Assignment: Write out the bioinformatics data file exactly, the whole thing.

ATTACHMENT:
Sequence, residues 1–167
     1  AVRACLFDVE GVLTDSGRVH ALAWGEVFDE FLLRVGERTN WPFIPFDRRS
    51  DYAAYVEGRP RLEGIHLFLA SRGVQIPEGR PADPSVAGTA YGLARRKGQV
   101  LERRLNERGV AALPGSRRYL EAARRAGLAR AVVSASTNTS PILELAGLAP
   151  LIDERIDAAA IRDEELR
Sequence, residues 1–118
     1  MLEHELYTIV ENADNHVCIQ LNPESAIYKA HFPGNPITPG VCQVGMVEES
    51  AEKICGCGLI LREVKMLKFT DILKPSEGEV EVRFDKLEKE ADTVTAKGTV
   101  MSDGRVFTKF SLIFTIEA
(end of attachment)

Sequence, residues 1–167
     1  AVRACLFDVE GVLTDSGRVH ALAWGEVFDE FLLRVGERTN WPFIPFDRRS
    51  DYAAYVEGRP RLEGIHLFLA SRGVQIPEGR PADPSVAGTA YGLARRKGQV
   101  LERRLNERGV AALPGSRRYL EAARRAGLAR AVVSASTNTS PILELAGLAP
   151  LIDERIDAAA IRDEELR
Sequence, residues 1–118
     1  MLEHELYTIV ENADNHVCIQ LNPESAIYKA HFPGNPITPG VCQVGMVEES
    51  AEKICGCGLI LREVKMLKFT DILKPSEGEV EVRFDKLEKE ADTVTAKGTV
   101  MSDGRVFTKF SLIFTIEA